Nonmedical Marijuana Use Is (Mainly) Recreational, So Why Not Call It That?
Fear of fun can be found on both sides of the legalization debate.
This month Nevada's medical marijuana dispensaries began serving all consumers 21 or older, not just patients with doctor's recommendations. The name for this new sort of cannabis commerce, according to Question 2, the 2016 ballot initiative that legalized it, is "retail marijuana," a term that fails to distinguish between medical use, which has been allowed in Nevada since 2001, and nonmedical use, which is newly legal. Question 2 also refers to "personal use," which likewise does not elucidate the change made by the initiative.
This fuzziness is no accident. So far eight states (Alaska, California, Colorado, Maine, Massachusetts, Nevada, Oregon, and Washington) and the District of Columbia have approved general legalization of marijuana, all by ballot initiative. All of those measures avoid mentioning recreational use, preferring vague euphemisms such as retail, personal, and adult.
Reformers who eschew recreational have several concerns. Some worry that it sounds frivolous, while others say it is imprecise, since nonmedical use encompasses, say, spiritual or artistic purposes that may not fit comfortably in the category of recreation. But probably the most common objection is that recreational scares voters, as Dale Sky Jones, chancellor of Oaksterdam University, argued in a 2016 interview:
When they hear "recreational," they think about what their children are doing, because recreational is fun. It's Disney World, playtime, going to some park. That's recreation. Go ice skating. That's recreation. Why are we making this sound fun to children when the specific point here is to keep it away from children? We need to stop calling it "recreational cannabis." This is cannabis for adults. It's retail. It's commercial. It is not recreational….
Please stop calling it "recreational." Not only are you making it sound fun to the very group of people that we don't want consuming this for fun, but you're also scaring the soccer moms that are going out to vote.
Although I'm skeptical that most children or adolescents think "fun" when they hear the word recreational, Jones may be right that the adjective alienates soccer moms. Still, marijuana is fun (among other things), and recreational is the most apt way to capture that aspect of it. The word also encompasses the use of cannabis as a social lubricant and an aid to relaxation. Those three functions surely account for the vast majority of nonmedical use, making the term pretty precise as well as honest.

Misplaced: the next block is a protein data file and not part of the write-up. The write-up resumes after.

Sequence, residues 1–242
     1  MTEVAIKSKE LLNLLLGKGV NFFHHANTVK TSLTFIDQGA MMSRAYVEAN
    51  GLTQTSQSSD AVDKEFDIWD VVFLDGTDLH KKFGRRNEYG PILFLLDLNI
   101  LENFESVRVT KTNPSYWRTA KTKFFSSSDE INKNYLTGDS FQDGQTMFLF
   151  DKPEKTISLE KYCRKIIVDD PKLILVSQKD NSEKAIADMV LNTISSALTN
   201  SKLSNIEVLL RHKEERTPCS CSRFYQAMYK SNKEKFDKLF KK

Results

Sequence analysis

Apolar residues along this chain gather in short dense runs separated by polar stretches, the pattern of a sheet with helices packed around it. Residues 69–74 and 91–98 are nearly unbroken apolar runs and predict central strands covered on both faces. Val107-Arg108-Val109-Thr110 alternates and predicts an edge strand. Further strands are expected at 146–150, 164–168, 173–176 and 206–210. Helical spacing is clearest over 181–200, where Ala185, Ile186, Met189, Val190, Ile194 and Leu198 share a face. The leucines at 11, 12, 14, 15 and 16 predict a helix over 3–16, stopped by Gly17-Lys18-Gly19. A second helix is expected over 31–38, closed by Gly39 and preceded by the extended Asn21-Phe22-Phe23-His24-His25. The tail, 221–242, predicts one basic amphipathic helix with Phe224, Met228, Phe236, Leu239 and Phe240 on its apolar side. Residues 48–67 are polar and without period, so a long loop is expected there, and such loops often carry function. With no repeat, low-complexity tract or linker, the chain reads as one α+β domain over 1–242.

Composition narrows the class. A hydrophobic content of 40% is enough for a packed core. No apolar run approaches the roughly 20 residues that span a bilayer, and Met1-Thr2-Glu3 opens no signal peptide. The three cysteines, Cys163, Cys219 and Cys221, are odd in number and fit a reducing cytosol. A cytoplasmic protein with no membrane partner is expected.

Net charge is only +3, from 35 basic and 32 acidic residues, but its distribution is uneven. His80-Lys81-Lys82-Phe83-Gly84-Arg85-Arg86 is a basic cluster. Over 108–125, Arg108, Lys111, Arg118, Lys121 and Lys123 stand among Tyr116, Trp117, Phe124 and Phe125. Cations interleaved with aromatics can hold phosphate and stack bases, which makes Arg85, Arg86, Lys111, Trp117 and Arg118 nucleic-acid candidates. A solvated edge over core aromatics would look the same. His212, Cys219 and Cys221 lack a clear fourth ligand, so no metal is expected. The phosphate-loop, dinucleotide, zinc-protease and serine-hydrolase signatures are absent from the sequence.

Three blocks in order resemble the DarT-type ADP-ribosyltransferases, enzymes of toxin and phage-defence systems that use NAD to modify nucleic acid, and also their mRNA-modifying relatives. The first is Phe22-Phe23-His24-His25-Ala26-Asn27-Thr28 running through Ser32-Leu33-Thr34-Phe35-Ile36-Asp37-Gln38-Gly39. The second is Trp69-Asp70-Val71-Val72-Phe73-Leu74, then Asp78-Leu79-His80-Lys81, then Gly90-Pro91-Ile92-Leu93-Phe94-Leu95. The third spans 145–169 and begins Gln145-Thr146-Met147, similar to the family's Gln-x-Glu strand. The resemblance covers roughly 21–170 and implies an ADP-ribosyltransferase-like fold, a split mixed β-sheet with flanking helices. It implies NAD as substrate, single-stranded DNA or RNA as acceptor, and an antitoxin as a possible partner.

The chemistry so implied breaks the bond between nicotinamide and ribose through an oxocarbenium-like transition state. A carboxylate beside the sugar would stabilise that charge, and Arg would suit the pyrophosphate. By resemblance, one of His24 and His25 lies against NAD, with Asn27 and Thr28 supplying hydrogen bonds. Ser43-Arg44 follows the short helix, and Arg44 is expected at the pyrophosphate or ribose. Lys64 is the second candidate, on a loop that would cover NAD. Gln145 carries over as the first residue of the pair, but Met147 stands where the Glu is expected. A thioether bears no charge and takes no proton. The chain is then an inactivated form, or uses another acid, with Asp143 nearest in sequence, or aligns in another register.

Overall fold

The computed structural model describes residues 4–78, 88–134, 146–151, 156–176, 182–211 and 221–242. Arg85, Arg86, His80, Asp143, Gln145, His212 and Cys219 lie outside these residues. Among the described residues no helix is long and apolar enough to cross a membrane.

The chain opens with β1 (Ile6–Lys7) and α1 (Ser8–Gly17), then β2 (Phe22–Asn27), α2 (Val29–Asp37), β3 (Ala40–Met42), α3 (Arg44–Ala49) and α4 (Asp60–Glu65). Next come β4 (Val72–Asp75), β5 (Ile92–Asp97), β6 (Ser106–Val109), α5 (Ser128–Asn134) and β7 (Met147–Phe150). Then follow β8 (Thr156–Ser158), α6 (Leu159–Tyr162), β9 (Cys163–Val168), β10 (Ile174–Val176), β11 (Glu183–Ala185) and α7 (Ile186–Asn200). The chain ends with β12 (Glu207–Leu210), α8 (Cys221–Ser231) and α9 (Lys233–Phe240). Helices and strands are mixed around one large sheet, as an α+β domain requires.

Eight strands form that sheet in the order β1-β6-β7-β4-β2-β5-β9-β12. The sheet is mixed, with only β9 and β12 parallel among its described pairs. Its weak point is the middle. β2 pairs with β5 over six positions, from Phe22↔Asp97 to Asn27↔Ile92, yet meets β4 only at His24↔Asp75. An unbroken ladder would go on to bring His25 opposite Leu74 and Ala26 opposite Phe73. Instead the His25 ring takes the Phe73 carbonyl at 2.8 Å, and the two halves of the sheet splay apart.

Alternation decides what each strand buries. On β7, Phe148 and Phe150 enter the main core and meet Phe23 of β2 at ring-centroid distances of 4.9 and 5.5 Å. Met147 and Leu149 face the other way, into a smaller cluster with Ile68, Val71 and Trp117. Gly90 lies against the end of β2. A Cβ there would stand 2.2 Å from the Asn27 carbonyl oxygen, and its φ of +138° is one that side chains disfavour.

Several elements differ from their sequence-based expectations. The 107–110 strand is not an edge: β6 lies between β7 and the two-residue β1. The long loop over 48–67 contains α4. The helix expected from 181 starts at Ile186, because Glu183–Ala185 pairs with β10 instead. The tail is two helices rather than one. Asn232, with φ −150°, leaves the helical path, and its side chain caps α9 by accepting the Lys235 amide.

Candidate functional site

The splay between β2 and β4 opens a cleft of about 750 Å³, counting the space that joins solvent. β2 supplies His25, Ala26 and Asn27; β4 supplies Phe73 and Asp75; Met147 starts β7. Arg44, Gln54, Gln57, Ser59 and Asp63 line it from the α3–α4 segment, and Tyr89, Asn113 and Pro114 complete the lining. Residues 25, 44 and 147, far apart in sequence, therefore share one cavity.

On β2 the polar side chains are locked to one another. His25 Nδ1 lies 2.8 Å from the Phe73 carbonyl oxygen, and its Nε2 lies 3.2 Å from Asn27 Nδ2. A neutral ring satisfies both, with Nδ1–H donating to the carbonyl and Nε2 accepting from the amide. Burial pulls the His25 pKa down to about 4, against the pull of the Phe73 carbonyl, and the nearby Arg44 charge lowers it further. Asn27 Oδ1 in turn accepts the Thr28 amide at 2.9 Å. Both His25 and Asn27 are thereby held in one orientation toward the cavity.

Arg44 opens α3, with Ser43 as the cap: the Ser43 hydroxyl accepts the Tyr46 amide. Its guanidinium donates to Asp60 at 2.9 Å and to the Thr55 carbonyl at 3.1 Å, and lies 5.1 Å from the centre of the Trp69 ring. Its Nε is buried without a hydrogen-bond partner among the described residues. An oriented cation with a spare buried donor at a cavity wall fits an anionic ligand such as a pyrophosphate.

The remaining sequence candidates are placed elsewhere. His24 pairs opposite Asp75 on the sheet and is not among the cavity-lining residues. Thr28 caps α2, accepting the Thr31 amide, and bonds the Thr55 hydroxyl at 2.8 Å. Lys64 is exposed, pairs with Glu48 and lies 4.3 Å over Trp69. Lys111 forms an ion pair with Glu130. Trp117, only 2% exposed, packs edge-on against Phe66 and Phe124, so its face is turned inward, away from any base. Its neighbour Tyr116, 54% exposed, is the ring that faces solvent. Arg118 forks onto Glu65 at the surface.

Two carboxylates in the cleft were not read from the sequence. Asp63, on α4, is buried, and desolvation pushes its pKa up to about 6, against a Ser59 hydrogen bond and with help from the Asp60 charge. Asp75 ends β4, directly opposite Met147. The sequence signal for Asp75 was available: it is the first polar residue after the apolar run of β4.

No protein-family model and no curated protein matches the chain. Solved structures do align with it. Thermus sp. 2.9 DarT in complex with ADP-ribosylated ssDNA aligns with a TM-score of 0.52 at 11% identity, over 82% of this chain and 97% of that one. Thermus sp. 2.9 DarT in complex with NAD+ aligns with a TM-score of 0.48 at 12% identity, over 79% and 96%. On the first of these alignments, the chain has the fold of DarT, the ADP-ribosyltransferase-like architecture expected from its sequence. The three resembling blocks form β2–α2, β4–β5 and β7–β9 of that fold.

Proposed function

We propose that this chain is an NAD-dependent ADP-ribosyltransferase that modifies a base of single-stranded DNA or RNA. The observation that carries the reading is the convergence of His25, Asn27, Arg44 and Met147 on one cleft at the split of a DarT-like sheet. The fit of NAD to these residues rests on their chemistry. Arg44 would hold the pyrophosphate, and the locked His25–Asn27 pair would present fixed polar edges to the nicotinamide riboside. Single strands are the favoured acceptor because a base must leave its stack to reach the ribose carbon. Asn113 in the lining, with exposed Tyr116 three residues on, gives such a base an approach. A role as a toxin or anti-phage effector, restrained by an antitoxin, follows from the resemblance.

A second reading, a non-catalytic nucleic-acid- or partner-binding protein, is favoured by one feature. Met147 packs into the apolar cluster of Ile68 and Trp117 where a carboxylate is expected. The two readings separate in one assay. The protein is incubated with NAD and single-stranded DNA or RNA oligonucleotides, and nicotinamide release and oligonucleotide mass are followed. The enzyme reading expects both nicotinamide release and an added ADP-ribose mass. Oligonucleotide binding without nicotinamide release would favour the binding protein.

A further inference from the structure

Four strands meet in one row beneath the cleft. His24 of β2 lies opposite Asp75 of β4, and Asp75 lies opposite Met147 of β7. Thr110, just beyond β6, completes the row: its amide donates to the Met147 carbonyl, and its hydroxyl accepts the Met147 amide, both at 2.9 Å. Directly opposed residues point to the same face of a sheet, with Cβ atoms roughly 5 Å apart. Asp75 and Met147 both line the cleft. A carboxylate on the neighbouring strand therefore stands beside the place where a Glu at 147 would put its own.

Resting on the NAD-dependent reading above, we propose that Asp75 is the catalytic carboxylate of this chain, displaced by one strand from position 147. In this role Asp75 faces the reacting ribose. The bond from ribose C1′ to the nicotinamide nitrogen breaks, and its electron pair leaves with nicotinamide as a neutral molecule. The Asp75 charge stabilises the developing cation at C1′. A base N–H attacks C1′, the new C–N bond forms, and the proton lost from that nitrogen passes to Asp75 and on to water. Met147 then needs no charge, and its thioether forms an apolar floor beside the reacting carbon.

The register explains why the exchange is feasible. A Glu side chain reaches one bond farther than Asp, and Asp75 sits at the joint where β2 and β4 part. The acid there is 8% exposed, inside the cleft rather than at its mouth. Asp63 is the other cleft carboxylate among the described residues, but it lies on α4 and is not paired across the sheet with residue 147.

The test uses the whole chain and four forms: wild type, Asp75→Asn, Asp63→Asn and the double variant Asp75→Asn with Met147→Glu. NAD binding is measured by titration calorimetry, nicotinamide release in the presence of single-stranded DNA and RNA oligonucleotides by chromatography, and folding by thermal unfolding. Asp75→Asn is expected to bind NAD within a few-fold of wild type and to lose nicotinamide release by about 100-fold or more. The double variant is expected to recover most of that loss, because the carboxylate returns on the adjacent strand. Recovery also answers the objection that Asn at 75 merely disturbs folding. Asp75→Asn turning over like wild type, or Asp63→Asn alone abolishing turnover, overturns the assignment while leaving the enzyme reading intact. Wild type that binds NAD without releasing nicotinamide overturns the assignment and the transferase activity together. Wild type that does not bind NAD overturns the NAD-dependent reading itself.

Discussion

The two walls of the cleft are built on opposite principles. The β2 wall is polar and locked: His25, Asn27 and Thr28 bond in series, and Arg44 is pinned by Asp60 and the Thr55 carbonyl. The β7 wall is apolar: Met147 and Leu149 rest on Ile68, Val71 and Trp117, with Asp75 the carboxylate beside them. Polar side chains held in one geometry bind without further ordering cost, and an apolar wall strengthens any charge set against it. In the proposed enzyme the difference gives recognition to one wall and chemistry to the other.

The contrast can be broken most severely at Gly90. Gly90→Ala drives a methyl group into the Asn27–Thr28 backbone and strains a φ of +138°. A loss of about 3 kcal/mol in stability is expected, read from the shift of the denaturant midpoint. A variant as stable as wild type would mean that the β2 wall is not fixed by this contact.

It cannot be said too often that there is nothing shameful or morally suspect about fun, although same varieties of it may not be appropriate for minors. Support for drug prohibition is based largely on the assumption that there is something wrong with chemically assisted pleasure, as reflected in recent comments by Scott Chipman, Southern California chairman for Citizens Against Legalizing Marijuana. "'Recreational' is a bike ride, a swim, going to the beach," Chipman told The New York Times, sounding remarkably like Dale Skye Jones. "Using a drug to put your brain in an altered state is not recreation. That is self-destructive behavior and escapism."
I do not know whether Chipman thinks drinking is immoral or that alcohol should be banned for similar reasons. But even assuming he does, his line drawing seems arbitrary. Whether cannabis consumption (or drinking) is in fact self-destructive depends on the context in which it occurs. The fact that it can lead to injury does not distinguish it from riding a bike, swimming, or visiting the beach.
As for "escapism," Chipman's preferred forms of recreation surely can provide an escape from quotidian concerns, as can reading a book, watching a TV show or a movie, listening to music, playing poker or video games, hiking, skiing, riding roller-coasters, or any of the myriad other enjoyable activities in which people engage when they are not working. The fact that Chipman deems cannabis consumption especially objectionable may tell us something about his own tastes, there is no reason the rest of us should be morally or legally bound by them.